try, while trucks are just beginning to
appear, with the practical certainty
that a few years from now great quan-
tities of freight will be moved on the
highways by motor trucks, which will
act as feeders to railroads, making un-
necessary the construction of expen-
sive "feeder lines." Motor vehicles
must supplant a large number of the
24,000,000 horses now in use in this
country.
Production is certain to continue at
a stronger rate, and while standard-
ized to a marked degree in many parts,
there will always be a great variety of
design in motor chasses and bodies.
Competition will establish a standard
whereby only those products of well-
managed companies can be expected
to survive.
Competition is Keen
Competition for trade has resulted
in keen rivalry among the larger man-
ufacturers in producing the best pos-
sible cars. The history of the last
five years lends weight to the state-
ment that only the strongest of men,
methods, material, money, and machin-
ery have been able to survive, since
400 financial wrecks have occurred in
that time.
The average price for passenger
vehicles in 1916 amounted to $605 and
for trucks $1,809. These vehicles were
made by more than 400 companies and
were sold by 30,000 dealers through-
out the United States and foreign coun-
tries. lit is estimated that motor
car exports in 1917 will reach a value
of nearly $96,000,000 at wholesale, ex-
clusive of parts and accessories.
CAVALRY USE MOTOR
New Vehicle for Army Men Being
Experimented On
If experiments now under way prove
successful, we may soon have even
the cavalry in the army mounted on a
motor vehicle. The machine has two
wheels with the motor mounted di-
rectly on the rear wheel. It is about
the size of a motorcycle, but it is
claimed that it can negotiate roads
which would be impossible for a mo-
torcycle or automobile.
A private, equipped in heavy march-
ing order, tried out a machine of this
type recently. He attained a speed
of 25 miles an hour carrying a load of

300 pounds. Another big feature of the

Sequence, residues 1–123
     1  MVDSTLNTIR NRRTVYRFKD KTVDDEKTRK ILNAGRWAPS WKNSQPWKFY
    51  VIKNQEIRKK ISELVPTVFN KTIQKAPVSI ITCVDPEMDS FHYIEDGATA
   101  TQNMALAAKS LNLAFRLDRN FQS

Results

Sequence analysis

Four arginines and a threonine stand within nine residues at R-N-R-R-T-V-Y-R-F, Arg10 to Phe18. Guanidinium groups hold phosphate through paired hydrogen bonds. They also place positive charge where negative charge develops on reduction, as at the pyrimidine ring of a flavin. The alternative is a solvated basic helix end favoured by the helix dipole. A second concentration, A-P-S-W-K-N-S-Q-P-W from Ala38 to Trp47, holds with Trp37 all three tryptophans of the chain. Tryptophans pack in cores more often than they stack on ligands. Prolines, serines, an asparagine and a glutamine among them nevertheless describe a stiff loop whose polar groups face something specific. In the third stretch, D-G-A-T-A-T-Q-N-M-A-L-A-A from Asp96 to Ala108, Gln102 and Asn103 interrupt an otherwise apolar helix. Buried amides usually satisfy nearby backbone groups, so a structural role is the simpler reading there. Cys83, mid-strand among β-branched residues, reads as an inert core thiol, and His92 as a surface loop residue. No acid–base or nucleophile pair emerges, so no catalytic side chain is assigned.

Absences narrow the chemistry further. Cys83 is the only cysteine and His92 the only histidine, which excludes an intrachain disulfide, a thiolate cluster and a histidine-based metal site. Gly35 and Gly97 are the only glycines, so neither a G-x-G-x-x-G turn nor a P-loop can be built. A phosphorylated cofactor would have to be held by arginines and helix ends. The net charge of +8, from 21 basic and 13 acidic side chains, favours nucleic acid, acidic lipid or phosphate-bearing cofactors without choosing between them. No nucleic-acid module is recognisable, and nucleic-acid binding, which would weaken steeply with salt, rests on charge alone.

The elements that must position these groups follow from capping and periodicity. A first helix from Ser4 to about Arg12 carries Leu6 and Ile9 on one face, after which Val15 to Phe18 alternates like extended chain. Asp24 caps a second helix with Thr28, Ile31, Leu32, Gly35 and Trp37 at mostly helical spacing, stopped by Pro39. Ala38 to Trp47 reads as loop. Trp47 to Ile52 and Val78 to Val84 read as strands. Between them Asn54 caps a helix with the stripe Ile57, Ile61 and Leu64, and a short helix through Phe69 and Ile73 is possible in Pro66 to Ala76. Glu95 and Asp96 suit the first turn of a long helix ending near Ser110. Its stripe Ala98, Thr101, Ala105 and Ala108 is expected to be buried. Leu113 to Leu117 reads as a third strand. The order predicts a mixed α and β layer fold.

"kar" is that it will travel 50 miles
at an operating cost of about 10 cents.
The complete outfit weighs less than
50 pounds.
Special Surface for Autos Perfected
"While New York is building many
miles of water-bound macadam roads,
it is not generally understood that
these receive a surface treatment of
bituminous material and thus become
a different class of roads from the
macadam used before the advent of
automobiles," says an official of the
American Highway Association. "New
macadam roads are full of moisture,
and where the climatic conditons are
like those of New York it takes three
months for this moisture to disappear
and leave the road in such a condition
that the bituminous surfacing material
will adhere to it firmly. Consequent-
ly, roads finished so late in the fall
that they cannot be seasoned for three
months before winter prevents furth-
er work on them are given a surface
treatment of calcium chloride. This
material has long been used in Eng-
land as well as the United States as
a dust preventive. It holds enough
moisture on the surface of the road
to prevent the dust formed by travel
from being carried away, and this dust
and water act to bind the road during
its transition from a green to a sea-
soned state."

ANY SIX vs. SUPER-SIX
Note Here the Vast Distinction
How HUDSON W0on
A Six now reigns in Motordom-it holds all the worth-while records-it is
the largest-selling front-rank car.
It stopped the trend to Eights and Twelves, by doing what they cannot do,
in a hundred famous tests.
But it's not any other Six, remember. The winner is the Super-Six, invented
and patented by Hudson.
It won because this feature added 80 per cent to six-cylinder efficiency-to power and
especially endurance. It made added cylinders unnecessary by attaining what was sought
for in the multi-cylinder type.
But that doesn't mean that the Six in general is the maximum motor type. It isn't.
They still have the old limitations.
Without the Hudson Super-Six principal there is too much friction in the motor-too